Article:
Dharun Ravi, the former Rutgers student who came to national notoriety for his harassment of gay roommate Tyler Clementi, received Monday a sentence of 30 days in jail, three years’ probation, 300 hours of community service and a $10,000 fine for illegally spying on and filming Clementi having an intimate moment with another man.
And though prosecutors never accused Ravi of being responsible, the tragic suicide of the 18-year-old Clementi off the George Washington Bridge in September 2010 left many clamoring for justice: They wanted Ravi, now 20, to pay.
Thirty days in jail doesn’t seem that bad when you compare it to the 10 years in prison that prosecutors wanted, based on Ravi’s conviction last March of invasion of privacy, witness tampering, tampering of evidence and the hate crime of bias intimidation. But looking at what Ravi actually did, and not the aftermath of his offenses, his relatively short sentence appears to be on the mark. If anything 30 days in jail is too long.
Ravi acted in an irresponsible, mean-spirited manner in using a webcam to spy on his roommate and revealing Clementi’s deeply private actions. And even now, he acts unrepentant: “I heard this jury say ‘guilty’ 288 times. 24 questions, 12 jurors — that’s the multiplication. And I haven’t heard you apologize once,” Judge Glenn Berman told Ravi on Monday. Berman went on to say that Ravi acted out of “colossal insensitivity,” which many could agree with.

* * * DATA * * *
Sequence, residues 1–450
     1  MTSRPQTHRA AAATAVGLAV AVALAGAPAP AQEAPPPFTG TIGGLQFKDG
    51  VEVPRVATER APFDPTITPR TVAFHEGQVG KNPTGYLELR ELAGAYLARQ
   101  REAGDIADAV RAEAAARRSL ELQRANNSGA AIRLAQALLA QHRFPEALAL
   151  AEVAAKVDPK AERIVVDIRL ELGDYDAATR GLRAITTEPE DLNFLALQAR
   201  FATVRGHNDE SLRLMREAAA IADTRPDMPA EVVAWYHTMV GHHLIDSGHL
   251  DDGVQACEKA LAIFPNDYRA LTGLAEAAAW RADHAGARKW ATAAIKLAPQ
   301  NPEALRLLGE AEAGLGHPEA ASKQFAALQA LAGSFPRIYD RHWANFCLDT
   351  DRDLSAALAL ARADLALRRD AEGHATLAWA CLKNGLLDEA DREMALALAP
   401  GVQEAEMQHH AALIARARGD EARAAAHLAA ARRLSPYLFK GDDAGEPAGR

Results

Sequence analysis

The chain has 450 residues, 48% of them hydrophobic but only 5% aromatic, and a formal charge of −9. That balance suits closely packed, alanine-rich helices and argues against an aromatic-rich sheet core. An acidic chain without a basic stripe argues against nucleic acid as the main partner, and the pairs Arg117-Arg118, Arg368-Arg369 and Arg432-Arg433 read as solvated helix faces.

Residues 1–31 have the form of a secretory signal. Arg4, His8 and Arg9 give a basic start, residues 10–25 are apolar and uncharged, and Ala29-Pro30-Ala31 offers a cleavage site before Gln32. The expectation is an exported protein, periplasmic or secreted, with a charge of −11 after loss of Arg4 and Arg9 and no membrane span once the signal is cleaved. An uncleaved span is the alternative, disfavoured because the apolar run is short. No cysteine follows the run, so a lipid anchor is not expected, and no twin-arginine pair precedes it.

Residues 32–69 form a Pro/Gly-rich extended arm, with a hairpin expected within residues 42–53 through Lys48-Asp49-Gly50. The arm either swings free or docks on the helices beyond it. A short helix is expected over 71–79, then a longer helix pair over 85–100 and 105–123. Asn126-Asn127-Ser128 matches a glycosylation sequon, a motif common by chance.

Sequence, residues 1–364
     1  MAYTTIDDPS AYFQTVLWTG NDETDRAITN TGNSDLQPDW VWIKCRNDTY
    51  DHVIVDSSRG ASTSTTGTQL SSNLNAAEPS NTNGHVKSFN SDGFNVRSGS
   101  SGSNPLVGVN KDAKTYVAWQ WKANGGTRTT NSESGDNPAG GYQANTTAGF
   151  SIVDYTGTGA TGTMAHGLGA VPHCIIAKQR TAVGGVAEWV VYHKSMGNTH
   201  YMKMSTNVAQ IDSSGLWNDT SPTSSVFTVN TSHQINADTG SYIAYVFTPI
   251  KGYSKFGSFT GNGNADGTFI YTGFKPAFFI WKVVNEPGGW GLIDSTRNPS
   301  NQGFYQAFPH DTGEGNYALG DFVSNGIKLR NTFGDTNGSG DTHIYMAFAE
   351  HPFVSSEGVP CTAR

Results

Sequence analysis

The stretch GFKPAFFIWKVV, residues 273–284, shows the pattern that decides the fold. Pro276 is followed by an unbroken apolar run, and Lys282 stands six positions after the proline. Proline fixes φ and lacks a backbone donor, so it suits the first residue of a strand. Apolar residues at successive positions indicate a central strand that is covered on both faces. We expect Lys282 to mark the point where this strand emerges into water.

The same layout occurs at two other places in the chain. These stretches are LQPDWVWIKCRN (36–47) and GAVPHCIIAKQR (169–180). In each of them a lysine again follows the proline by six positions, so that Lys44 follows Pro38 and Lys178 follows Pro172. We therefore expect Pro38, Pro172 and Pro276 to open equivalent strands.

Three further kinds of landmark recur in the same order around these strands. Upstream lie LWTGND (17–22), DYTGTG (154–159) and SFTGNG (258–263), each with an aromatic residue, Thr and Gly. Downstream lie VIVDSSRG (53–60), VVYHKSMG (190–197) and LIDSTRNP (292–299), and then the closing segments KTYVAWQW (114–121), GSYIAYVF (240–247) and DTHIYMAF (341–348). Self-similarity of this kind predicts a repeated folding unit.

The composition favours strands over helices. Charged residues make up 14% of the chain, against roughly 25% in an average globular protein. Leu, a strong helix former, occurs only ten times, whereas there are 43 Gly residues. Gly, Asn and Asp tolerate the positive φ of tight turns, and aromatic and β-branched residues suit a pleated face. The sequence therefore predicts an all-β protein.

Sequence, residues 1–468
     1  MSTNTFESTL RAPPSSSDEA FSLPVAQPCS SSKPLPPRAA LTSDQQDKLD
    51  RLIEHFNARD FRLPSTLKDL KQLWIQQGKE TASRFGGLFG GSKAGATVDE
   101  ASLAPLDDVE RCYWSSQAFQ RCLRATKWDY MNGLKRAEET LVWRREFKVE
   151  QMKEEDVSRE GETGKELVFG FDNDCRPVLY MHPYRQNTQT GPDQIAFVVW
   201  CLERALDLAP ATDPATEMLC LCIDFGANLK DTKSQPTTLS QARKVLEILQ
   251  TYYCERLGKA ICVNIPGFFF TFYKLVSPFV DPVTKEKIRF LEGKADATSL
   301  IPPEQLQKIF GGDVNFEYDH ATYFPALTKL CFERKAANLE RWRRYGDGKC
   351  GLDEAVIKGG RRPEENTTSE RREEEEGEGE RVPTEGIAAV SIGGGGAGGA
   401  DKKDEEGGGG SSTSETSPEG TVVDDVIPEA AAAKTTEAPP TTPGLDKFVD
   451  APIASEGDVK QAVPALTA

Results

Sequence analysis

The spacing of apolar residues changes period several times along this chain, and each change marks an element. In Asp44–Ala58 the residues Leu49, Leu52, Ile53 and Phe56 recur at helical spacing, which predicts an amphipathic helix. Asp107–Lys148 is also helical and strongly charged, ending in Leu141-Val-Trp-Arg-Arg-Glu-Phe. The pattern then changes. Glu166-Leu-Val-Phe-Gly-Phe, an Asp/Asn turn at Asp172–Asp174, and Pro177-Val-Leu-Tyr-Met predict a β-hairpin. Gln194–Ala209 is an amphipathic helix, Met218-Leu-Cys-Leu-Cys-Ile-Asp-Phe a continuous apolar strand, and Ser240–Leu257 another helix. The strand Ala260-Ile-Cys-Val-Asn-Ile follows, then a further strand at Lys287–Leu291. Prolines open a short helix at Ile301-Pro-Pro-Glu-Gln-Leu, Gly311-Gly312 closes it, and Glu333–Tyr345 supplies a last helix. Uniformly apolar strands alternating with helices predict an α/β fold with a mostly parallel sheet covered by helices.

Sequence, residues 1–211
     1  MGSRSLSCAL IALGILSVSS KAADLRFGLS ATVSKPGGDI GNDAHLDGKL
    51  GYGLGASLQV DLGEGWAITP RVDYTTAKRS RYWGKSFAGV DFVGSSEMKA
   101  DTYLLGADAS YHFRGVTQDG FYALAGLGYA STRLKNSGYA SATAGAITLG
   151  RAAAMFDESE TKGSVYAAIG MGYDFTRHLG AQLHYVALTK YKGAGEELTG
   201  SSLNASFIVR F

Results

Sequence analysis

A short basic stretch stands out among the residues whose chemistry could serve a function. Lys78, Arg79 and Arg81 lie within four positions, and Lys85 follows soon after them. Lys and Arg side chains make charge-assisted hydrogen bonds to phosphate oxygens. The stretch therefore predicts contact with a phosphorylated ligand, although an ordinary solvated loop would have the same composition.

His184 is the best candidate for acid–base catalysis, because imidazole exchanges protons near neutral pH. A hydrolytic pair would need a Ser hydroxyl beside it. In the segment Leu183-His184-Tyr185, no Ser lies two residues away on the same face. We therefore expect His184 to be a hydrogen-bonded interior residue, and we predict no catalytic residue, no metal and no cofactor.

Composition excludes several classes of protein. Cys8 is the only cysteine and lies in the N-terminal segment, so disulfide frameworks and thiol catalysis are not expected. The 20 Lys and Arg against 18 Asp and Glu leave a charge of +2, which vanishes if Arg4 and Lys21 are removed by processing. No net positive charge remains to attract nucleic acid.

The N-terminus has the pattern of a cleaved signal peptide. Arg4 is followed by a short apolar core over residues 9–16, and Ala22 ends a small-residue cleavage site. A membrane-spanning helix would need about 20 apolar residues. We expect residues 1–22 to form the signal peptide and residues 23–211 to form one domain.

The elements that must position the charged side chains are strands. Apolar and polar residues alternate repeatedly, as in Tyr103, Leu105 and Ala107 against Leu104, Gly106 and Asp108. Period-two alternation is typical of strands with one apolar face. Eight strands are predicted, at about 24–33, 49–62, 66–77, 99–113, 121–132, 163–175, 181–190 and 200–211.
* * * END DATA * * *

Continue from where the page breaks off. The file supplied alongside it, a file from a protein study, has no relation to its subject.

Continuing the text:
But that’s exactly the problem: Ravi acted insensitively, but bullying of this kind — observing others with an intent to belittle, setting up heartless pranks and the like — plays a common role in the lives of many American teenagers, whether they’re perpetrators or victims. The kind of intolerance that Ravi showed, be it referring to Clementi as a “f-g” or derisively tweeting about him “kissing a dude,” isn’t new: Anyone who has attended high school knows that this sort of behavior exists in droves.
It’s aggravatingly difficult to draw the line between bullying and genuine, punishable hate crime. What of the countless bullies who do more than just spy, but shove, beat and threaten people in the shadows of the schoolyard, only to get a weak-handed reprimand by the principal? Can we charge them all with the hate crime of “bias intimidation”? Should they all be going to jail?
Clementi’s sexual orientation, along with his suicide, makes it incredibly easy to play connect-the-dots when it comes to the Rutgers case. It’s simple to say that Clementi would have been fine — and wouldn’t have killed himself — if Ravi hadn’t done anything. It’s simple to pick and choose Ravi’s insults and say that homophobia clearly played a prevailing role. It’s simple to make this case out to be a lesson about hatred toward the gay community, and how it needs to be stopped.
But trying to find meaning in Clementi’s death ignores the greater point: Not enough evidence exists to justify this as a hate crime in the traditional vicious sense. The law must punish based on actions alone, not context or the aftermath of a crime.
As far as we can really tell, Ravi didn’t target Clementi because he was gay — Ravi did it because, well, he just didn’t really like Clementi, and made fun of everything from Clementi’s nerdiness to his economic status. One can only wonder what sort of effect the issue of gay discrimination, along with the high-profile suicide, had on the jury in its deliberation.
What’s clear is this: Ravi’s conviction will follow him for the rest of his life. Considering that some readers probably have acted even more maliciously than Ravi ever did and gotten away with it, 30 days in jail seems to be more than enough.
Eddie Kim is a senior majoring in print journalism and editorial director for the Summer Trojan.